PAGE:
Equity Release More Popular Among Over-45s, But Gender Gaps Persist

A new trend is emerging among the UK’s over-45 population – a growing acceptance of equity release. However, this shift reveals notable gender differences in attitudes towards this financial tool, according to recent research by Standard Life Home Finance.

Growing Comfort with Equity Release

The study by Standard Life Home Finance highlights a significant change in perception among UK adults over 45. A striking 58% of men now express comfort with the idea of equity release, a stark contrast to 43% of women who feel similarly confident. This gender gap underscores differing levels of assurance and understanding about accessing housing equity in retirement.

Declining Consumer Concerns

Overall, there’s a downward trend in apprehension about equity release. In 2023, only 32% of respondents voiced no concerns about tapping into their housing equity, a considerable leap from just 7% in 2022. Despite this overall positive shift, women remain more cautious than men. A mere 22% of women reported feeling worry-free about the process, compared to 35% of men. Furthermore, when faced with the need for additional financial support, 21% of women felt anxious, in contrast to just 7% of men.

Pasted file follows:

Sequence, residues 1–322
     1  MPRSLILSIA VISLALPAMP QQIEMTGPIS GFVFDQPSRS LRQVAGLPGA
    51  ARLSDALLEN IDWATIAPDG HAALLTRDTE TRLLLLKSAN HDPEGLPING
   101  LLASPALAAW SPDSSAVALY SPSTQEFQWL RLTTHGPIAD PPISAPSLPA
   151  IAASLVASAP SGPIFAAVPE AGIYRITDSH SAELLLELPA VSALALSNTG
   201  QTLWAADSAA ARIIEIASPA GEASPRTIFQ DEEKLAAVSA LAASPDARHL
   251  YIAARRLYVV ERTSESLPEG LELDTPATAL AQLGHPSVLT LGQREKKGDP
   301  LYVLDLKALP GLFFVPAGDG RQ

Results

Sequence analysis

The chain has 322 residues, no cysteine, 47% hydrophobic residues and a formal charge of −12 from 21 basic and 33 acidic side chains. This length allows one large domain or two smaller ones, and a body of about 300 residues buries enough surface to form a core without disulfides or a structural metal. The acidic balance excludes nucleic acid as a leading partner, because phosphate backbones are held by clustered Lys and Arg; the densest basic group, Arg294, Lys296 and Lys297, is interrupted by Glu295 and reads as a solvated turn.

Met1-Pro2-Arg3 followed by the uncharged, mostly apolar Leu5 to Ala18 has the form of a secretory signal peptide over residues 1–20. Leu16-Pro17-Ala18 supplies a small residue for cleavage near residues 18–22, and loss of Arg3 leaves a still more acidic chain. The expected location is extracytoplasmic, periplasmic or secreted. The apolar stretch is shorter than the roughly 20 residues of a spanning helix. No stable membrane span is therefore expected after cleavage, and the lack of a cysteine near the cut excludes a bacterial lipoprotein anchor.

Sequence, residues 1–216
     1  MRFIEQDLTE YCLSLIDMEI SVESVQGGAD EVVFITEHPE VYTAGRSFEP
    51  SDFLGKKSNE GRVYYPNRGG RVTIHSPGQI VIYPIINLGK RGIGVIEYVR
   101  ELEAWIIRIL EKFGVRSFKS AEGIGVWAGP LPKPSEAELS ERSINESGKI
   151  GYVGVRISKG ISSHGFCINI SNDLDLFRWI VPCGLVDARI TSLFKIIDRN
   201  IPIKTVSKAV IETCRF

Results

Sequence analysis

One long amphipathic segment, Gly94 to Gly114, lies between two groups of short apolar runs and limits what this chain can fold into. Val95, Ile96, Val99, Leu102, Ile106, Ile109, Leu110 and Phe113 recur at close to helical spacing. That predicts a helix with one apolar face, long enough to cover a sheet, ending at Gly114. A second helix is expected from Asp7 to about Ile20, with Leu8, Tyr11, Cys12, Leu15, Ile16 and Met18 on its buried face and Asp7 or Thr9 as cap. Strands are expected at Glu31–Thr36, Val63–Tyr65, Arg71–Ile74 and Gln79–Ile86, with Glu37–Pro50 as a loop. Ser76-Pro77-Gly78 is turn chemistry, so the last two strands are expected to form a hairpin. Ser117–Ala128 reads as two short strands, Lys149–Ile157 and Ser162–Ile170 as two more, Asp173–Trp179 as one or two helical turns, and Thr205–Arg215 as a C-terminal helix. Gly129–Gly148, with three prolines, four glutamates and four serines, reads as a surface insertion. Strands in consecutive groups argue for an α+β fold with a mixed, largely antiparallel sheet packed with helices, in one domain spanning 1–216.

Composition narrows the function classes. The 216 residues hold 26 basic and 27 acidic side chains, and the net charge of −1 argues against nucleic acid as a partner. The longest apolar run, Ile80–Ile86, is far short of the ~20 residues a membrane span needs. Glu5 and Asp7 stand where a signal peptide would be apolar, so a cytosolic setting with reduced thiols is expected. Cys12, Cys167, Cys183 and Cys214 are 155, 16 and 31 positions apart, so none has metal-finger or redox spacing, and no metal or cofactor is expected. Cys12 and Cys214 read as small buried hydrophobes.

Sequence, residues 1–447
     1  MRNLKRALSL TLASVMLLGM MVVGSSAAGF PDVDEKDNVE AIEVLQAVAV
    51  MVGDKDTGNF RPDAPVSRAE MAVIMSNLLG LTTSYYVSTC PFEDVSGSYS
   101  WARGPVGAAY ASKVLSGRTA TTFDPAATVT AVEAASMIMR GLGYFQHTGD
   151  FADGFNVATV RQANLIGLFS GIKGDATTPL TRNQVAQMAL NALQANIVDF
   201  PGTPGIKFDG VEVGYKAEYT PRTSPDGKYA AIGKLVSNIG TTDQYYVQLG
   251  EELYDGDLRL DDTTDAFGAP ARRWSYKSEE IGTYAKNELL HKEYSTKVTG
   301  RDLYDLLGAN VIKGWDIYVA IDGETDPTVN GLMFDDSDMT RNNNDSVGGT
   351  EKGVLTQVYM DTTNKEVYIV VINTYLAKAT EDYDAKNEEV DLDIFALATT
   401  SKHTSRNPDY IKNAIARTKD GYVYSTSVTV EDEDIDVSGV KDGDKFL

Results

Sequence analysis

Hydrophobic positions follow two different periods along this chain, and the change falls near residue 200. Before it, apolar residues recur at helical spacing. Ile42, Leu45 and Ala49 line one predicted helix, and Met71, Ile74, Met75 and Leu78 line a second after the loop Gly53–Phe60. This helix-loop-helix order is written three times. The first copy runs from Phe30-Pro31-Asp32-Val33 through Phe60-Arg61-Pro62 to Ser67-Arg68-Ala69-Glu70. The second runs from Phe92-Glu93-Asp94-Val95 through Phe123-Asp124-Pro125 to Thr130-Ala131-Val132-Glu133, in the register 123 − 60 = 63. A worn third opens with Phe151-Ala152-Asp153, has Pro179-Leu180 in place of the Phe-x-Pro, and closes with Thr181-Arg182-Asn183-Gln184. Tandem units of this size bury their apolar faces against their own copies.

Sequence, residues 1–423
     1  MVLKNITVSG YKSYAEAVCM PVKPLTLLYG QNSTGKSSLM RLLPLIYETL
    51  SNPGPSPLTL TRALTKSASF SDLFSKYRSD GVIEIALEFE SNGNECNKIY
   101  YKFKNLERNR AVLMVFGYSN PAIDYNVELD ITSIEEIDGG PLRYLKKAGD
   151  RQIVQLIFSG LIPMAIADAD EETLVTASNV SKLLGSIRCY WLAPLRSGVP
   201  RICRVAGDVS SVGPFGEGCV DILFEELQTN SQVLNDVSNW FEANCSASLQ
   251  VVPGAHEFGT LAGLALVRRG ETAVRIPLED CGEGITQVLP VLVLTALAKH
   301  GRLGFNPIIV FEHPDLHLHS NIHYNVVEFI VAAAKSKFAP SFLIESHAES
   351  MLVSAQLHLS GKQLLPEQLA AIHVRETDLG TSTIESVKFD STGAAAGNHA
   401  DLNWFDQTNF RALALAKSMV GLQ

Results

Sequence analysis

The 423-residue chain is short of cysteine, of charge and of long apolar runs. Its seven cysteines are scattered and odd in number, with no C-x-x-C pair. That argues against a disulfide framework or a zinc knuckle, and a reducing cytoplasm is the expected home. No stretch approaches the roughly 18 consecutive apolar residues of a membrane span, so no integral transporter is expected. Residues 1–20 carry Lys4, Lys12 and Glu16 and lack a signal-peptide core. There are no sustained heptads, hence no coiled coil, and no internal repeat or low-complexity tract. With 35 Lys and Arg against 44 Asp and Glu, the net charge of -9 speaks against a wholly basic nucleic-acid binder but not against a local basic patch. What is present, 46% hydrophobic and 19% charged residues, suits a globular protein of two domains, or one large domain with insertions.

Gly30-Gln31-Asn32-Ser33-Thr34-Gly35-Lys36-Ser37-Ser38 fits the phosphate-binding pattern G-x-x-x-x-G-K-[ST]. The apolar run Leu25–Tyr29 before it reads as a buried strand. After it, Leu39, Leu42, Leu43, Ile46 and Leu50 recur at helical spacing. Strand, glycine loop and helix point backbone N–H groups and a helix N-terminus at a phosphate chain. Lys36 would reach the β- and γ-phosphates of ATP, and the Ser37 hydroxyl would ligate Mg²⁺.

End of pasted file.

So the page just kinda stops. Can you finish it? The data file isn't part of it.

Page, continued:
Gender-Specific Worries

The research uncovers some specific fears that are more pronounced among women. For instance, 37% of women are concerned about losing their homes through equity release, a worry shared by only 20% of men. Additionally, 12% of women feel apprehensive about being judged for needing equity release, compared to a mere 3% of men.

Advisers’ Role in Building Confidence

Kay Westgarth, director of sales at Standard Life Home Finance, emphasises the importance of this shift in consumer attitude. As more individuals consider equity release a viable option to supplement retirement income, especially amid the cost-of-living crisis, confidence in this sector is crucial. Westgarth notes that the decrease in overall concerns is largely attributable to advisers’ efforts in educating and supporting customers.

However, she points out the clear gender disparities in perceptions of equity release. Advisers have a crucial role in addressing these differences, offering tailored advice to instill confidence in each customer, regardless of gender.

In summary, while the overall sentiment towards equity release among the UK’s over-45 population is becoming more positive, there’s a critical need to bridge the gender confidence gap. Financial advisers play a key role in this process, ensuring that both men and women feel equally informed and reassured about their financial choices in retirement.


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